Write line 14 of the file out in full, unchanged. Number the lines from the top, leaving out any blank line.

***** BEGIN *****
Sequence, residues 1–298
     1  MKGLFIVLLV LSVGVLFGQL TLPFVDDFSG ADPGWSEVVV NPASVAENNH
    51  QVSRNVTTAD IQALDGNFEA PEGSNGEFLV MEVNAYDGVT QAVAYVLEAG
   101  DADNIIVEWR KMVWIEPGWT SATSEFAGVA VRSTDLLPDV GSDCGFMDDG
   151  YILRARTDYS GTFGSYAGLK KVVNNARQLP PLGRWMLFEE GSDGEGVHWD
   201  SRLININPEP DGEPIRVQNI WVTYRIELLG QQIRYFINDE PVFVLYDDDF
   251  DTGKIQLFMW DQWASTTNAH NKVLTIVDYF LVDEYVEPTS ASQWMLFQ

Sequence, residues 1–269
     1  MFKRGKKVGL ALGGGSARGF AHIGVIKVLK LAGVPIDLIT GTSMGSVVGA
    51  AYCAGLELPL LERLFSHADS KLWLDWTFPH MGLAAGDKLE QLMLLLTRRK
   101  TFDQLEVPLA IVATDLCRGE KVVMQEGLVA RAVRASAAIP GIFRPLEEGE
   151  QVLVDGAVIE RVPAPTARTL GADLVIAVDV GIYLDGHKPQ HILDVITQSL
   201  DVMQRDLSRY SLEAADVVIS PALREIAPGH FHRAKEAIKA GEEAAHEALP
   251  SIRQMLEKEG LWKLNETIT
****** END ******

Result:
   251  SIRQMLEKEG LWKLNETIT